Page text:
3 OCTOBER 1958, Page 30

Irish Vigilant

WHEN the biography of Michael Collins appeared, recently we Irish were mortified to realise how his name—a household ogre-word here in its, day— is now all but forgotten. So is Curran's : yet Curran was thought the greatest orator-advocate in an age of orator-advocates: greater even than Erskine. Erskine was far more influential, largely because the important causes he defended were not entirely lost; but as counsel Curran has probably never been surpassed. 'The variety of his elocution,' Jonah Barrington recalled, 'its luxuriance, its effect, were quite .unrivalled: solemn, ludicrous, dramatic, , argumentative, humorous, sublime—in irony invincible, in pathos overwhelming, in the alternations of bitter invec- tive and of splendid eulogy totally unparalleled.' Barrington's opinions carry little weight, but this one was echoed by many other contemporaries. John Wilson Croker considered Curran, the greatest orator for moving the passions he had ever heard; Byron thought him the most wonder- ful person he had ever met, Leslie Hale's biography should rescue Curran from oblivion. It is written in the Hesketh Pear- son manner, relying heavily on contemporary anecdote : and this is risky, because. the Irish— particularly the members of the Irish bar—are wonderfully adept at making up mots, jests and puns and then . fathering them onto some prominent wit—much as political stories here are often fathered on Sir Winston. One of the few undisputed Curranisms, the dictum that has since been abbreviated into 'the price of liberty is eternal vigilance' is—ironically—rarely attributed to him; but I doubt whether more than la tenth of the stories that are attributed to him were of his own minting; and if they were, it was probably ex post facto. The anecdotal stream assures the book's readability, but also makes it two-dimen- sional: Curran emerges only occasionally as •a personality in his own right rather than as an actor on a stage. This is a pity, because the chapter on Robert Emmet and Curran's silly daughter Sarah (later to be prinked up romantically by Tom Moore in 'She is far from the land') suggests that-Mr. Hale could have produced a more serious and more lasting study of the period if he could have resisted the temptation to put in so many entertaining incidents.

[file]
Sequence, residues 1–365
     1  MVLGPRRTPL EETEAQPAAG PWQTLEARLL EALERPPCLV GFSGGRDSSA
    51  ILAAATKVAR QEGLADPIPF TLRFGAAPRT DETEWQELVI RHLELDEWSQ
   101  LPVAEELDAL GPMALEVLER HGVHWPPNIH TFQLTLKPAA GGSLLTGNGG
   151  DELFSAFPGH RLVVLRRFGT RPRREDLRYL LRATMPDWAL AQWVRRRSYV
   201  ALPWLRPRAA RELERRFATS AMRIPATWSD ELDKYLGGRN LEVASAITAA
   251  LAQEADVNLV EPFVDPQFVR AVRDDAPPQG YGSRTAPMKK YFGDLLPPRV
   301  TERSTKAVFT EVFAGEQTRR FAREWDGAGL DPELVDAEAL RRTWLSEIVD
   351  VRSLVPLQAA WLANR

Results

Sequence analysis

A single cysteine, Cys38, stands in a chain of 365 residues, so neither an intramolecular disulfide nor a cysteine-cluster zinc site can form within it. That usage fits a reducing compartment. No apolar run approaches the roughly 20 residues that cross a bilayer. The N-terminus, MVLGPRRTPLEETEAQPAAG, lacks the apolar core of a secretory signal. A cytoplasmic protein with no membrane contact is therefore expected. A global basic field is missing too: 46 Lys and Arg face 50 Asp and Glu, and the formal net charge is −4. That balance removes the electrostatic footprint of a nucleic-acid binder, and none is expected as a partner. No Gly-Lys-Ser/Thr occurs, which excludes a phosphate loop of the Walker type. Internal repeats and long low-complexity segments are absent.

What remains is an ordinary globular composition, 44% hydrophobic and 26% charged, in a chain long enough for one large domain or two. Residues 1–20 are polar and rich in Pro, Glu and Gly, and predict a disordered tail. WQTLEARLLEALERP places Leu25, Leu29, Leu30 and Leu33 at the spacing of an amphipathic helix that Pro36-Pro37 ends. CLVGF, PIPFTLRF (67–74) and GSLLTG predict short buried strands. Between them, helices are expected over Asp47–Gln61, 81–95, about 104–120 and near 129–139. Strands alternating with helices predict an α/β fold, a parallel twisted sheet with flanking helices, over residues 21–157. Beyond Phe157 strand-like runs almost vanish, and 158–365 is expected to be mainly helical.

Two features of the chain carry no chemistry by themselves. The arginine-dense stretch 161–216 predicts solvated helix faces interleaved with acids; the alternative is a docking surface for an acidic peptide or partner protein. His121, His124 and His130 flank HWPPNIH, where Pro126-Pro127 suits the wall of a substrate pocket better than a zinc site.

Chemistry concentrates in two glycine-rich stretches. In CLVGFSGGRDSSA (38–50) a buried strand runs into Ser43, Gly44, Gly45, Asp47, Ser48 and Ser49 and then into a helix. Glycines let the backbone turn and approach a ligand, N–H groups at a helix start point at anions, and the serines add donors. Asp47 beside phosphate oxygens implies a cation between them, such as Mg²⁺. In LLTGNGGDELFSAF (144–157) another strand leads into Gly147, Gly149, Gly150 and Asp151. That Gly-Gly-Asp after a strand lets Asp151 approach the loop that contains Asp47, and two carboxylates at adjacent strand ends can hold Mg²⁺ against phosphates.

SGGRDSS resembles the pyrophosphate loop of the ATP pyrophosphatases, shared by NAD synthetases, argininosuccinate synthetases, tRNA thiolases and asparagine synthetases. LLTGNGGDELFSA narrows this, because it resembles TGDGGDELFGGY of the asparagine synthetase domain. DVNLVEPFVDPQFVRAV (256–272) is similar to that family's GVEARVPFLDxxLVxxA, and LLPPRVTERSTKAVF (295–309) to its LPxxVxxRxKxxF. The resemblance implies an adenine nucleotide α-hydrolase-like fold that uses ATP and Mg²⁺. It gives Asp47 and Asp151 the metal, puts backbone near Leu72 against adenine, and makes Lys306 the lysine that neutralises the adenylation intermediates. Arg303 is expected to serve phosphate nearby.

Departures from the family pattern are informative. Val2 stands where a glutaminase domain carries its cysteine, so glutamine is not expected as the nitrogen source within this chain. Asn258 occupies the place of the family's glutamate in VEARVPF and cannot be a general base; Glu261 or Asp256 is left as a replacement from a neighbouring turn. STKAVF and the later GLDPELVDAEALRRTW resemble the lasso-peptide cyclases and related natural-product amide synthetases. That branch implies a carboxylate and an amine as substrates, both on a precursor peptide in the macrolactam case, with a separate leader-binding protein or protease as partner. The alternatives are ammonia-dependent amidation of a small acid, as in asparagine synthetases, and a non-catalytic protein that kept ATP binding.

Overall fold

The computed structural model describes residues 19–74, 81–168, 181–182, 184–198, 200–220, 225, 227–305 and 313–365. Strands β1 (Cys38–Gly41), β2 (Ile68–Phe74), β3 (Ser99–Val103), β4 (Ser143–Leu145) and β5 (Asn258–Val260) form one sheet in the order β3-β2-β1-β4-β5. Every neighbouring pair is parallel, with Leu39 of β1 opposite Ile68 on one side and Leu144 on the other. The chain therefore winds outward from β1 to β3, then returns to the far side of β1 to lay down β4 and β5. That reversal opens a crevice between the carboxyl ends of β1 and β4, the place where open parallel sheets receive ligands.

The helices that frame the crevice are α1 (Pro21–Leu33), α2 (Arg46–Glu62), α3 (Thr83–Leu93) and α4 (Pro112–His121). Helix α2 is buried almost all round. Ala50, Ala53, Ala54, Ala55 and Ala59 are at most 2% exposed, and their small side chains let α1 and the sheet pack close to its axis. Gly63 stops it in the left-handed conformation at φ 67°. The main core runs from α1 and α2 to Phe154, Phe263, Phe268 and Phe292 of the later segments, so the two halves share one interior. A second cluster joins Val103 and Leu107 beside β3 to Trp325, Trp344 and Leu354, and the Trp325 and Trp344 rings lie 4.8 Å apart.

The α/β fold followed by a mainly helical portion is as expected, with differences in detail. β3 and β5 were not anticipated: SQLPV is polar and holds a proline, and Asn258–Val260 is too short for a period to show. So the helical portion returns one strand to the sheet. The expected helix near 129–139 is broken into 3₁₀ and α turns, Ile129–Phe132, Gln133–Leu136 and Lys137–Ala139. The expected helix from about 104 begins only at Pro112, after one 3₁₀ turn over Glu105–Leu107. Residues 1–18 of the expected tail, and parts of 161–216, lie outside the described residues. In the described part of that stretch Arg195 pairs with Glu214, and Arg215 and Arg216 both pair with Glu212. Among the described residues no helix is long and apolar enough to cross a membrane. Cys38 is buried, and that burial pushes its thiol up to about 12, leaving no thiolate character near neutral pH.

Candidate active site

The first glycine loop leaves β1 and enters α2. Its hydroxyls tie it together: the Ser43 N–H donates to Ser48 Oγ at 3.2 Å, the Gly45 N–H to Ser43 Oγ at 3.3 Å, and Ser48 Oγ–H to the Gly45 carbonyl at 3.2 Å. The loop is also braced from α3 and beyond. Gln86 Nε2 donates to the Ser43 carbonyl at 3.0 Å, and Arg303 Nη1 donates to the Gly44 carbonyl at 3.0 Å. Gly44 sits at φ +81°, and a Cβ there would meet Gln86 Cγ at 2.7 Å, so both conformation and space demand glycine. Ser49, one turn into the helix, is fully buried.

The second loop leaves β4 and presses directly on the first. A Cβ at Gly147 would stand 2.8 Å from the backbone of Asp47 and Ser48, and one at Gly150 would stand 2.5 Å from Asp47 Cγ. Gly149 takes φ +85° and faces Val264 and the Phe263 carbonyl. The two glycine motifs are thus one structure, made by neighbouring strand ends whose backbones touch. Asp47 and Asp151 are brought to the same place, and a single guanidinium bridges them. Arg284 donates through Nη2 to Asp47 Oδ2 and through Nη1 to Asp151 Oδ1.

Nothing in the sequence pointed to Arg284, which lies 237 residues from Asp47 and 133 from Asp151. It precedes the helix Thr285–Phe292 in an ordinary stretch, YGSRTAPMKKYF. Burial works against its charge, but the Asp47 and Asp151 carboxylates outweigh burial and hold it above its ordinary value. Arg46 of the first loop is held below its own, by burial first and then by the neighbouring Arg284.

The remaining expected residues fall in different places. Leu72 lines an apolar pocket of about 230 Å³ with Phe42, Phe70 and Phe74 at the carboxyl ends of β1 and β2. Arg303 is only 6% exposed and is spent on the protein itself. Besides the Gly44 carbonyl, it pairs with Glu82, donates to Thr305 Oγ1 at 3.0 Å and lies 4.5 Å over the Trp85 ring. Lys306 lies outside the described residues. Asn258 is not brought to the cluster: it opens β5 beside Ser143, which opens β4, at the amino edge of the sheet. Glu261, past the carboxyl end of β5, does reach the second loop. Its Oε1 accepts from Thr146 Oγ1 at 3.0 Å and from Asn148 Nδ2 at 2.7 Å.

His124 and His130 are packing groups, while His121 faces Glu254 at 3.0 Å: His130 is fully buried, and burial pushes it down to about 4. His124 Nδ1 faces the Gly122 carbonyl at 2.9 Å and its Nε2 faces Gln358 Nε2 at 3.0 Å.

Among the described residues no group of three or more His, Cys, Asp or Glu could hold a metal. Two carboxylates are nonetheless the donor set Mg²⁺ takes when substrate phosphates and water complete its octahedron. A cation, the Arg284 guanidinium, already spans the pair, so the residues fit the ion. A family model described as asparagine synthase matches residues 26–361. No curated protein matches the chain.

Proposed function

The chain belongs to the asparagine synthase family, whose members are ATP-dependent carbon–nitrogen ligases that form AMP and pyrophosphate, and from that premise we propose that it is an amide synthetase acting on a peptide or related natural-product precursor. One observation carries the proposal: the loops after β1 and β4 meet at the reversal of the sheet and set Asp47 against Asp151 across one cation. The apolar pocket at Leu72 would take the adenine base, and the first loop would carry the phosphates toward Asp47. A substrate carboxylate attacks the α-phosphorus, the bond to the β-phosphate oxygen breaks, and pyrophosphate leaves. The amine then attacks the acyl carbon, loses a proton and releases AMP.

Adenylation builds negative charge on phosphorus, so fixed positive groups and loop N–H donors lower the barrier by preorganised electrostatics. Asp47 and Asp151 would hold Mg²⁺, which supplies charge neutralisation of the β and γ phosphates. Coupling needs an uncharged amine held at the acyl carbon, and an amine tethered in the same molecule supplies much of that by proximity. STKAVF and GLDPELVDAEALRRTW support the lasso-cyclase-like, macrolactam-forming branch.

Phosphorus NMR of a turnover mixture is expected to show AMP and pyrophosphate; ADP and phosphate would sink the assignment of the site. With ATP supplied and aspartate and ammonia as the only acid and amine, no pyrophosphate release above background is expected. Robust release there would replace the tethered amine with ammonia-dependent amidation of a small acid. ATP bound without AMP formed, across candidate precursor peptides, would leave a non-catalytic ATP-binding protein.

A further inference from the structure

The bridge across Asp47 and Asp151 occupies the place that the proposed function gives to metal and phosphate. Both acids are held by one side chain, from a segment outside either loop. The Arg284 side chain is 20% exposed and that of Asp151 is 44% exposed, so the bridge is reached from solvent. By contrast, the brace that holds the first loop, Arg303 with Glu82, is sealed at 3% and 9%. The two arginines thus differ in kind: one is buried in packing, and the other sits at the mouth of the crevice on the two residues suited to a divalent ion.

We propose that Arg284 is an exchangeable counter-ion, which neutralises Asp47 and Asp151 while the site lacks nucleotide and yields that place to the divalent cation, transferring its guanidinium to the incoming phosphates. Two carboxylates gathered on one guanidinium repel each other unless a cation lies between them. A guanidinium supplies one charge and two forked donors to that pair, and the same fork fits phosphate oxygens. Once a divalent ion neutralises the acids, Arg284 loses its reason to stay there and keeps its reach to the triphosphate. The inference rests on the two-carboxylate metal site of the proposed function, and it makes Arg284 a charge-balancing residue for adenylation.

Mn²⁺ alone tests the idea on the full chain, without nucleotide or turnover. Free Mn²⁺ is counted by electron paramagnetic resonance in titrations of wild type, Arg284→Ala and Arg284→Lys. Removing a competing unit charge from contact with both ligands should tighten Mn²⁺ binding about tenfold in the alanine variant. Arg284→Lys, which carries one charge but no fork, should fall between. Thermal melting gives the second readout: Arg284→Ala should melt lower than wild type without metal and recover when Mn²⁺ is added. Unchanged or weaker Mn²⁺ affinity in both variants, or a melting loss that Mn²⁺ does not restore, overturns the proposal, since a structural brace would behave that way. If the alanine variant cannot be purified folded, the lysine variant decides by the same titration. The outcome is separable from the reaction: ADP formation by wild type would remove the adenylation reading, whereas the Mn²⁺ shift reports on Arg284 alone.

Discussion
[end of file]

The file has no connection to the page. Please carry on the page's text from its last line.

The only other serious defect in the book is no fault of the biographer's. Curran's oratory, like Burke's, has to be read as a whole : to summarise is impossible, to select destroys the pattern. Curran thought nothing of speaking for four or five hours; and to appreciate the impact of his orations it is necessary to read them in full (unlike Burke's, they really ought to be heard). Still, Mr. Hale has done extraordinarily well in making his selection. He is always fair, and his judgments on the people of the time are consistently sound—except, per- haps, on Napper Tandy : I doubt he would feel that Tandy had been `scurvily treated by histor- ians' if he had seen the description of Tandy being carried ashore by the French to join the '98 rising, so drunk that he had to be carried back